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Bundling Properties Saves Seven Solar Projects

Published by Jennifer Dockery on Thursday, April 1, 2010

Journal cover April 2010   Download PDF

EOS Ventures, a renewable energy development and financial services company, was poised to lose $5 million last summer. The Berkshires-based company had entered solar power purchase agreements (PPAs) with seven organizations throughout its home state of Massachusetts and planned to use state grants to offset a significant portion of the installation and material costs. When Massachusetts changed the way it calculated the grant funding, EOS lost 26 percent of its grant money days before closing which threatened to derail all seven projects. To preserve the projects, EOS transformed the seven projects into a single project called the “Berkshire Bundle,” which qualified for renewable energy tax credits (RETCs). The RETC equity revived the project and EOS placed the seven solar arrays in service by December 31, qualifying the projects for the state grants and federal bonus depreciation.

“This is really an example of how solar energy projects should be done and why the government should continue to look at this as a wise investment,” said Andres Garzon, Berkshire Bank’s vice president and controller. Berkshire Bank, an RETC investor since early 2009, provided equity for the project.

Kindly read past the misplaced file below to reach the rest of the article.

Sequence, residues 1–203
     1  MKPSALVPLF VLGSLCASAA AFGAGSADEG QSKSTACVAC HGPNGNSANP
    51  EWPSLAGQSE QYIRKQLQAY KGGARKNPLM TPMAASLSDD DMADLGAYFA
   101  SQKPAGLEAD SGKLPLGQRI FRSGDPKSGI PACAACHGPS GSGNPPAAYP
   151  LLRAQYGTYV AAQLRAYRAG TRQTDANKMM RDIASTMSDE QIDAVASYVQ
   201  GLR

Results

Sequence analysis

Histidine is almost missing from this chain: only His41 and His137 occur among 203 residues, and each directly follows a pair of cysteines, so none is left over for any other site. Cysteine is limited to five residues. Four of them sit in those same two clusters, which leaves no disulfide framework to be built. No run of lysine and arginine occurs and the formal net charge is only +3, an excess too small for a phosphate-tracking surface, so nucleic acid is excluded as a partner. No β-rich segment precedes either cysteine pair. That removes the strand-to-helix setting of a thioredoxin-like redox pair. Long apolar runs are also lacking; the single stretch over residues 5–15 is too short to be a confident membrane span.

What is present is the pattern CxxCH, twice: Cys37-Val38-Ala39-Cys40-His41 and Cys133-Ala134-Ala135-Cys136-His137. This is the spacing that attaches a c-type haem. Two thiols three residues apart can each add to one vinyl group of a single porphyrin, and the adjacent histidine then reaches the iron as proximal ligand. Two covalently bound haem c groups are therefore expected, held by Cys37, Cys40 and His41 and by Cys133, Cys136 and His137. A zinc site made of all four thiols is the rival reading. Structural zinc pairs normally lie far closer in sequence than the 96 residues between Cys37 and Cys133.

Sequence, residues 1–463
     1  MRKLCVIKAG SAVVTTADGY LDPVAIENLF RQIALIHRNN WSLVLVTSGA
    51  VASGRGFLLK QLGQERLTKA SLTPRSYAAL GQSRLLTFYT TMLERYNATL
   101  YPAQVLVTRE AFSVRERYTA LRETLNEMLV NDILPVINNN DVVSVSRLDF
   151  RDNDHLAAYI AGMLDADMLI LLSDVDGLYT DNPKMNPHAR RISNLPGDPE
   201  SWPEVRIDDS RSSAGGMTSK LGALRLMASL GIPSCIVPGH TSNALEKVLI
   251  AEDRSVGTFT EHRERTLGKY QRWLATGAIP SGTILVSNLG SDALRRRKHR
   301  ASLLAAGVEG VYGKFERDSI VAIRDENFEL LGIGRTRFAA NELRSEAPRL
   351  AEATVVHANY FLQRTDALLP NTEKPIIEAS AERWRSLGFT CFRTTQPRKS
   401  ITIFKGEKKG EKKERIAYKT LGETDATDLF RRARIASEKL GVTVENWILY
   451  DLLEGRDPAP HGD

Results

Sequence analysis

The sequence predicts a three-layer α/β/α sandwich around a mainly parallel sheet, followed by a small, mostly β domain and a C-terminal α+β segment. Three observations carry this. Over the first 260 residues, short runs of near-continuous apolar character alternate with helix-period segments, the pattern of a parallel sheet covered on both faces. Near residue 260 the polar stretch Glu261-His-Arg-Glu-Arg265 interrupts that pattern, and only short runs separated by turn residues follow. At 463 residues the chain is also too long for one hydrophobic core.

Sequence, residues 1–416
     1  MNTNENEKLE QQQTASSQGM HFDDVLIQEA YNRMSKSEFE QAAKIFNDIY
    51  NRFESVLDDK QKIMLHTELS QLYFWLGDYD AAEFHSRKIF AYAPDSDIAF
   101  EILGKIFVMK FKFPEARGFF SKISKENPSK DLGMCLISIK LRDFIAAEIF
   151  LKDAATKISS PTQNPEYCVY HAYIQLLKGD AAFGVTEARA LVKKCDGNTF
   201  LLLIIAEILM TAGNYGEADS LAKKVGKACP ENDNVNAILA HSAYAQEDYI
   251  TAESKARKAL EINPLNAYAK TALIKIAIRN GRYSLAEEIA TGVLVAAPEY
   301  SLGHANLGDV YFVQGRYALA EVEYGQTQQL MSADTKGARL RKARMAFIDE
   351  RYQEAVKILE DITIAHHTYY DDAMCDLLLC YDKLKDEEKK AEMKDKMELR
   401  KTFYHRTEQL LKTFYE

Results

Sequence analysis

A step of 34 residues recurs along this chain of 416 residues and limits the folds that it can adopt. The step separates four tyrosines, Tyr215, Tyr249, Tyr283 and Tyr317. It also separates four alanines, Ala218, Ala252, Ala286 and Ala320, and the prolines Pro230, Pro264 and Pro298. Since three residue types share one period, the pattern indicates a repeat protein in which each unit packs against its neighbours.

EOS entered into a PPA with each organization in the bundle. Under the standard PPA, EOS owns the 811-kilowatt (kW) solar arrays and sells solar energy to the sites. Any power the organizations do not use, EOS sells to local utility companies. Alteris Renewables, a design-build renewable energy company, installed the solar panels at each of the sites, and will maintain and monitor the solar arrays for EOS. The structure eliminates the need for the organizations using the solar power to provide an initial capital investment.

The $4.5 million Berkshire Bundle included $1.85 million in state rebates, $1.85 million in RETCs and $800,000 in debt. It installed solar arrays at: Bedard Brothers, a car dealership in Cheshire; Berkshire South Regional Community Center, an aquatic, fitness and educational center in Great Barrington; Hancock Shaker Village, an historic village and farm in Hancock; Quality Printing Company, a graphic, printing and mailing service company in Pittsfield; Town of West Stockbridge, a town of 1,650 in the Southern Berkshires; Brandeis University, a private research university in Waltham; and Wheeler Farm, the Wheeler School’s farm campus in Seekonk.